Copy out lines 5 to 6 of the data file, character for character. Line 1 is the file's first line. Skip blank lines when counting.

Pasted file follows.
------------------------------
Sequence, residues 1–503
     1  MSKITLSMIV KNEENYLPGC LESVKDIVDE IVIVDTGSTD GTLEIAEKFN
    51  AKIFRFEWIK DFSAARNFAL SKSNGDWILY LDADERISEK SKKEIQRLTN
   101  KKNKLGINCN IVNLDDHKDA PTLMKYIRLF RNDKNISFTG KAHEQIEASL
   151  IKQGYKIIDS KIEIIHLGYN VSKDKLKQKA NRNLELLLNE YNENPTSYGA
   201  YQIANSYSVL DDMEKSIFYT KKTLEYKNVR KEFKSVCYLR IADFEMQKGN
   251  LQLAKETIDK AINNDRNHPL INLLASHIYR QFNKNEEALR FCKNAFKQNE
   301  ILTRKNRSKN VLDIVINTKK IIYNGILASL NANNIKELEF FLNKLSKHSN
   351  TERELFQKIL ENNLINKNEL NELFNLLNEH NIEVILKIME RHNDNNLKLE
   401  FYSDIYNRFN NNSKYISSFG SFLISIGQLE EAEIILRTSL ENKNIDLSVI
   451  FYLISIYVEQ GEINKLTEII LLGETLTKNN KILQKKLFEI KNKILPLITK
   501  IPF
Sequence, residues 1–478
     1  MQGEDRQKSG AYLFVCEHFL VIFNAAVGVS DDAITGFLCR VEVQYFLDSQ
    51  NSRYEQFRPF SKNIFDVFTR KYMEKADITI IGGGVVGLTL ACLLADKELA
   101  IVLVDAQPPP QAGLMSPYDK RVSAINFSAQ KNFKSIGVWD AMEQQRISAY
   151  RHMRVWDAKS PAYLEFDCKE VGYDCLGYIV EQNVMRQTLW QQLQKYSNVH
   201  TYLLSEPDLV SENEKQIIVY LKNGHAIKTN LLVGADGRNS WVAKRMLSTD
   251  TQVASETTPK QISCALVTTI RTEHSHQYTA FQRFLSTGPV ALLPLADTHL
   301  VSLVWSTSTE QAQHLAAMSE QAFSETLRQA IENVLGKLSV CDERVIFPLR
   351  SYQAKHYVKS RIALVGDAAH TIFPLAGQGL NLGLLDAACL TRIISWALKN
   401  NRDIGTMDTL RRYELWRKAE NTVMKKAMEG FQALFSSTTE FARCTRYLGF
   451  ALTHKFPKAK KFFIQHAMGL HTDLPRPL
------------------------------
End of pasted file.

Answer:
   151  IKQGYKIIDS KIEIIHLGYN VSKDKLKQKA NRNLELLLNE YNENPTSYGA
   201  YQIANSYSVL DDMEKSIFYT KKTLEYKNVR KEFKSVCYLR IADFEMQKGN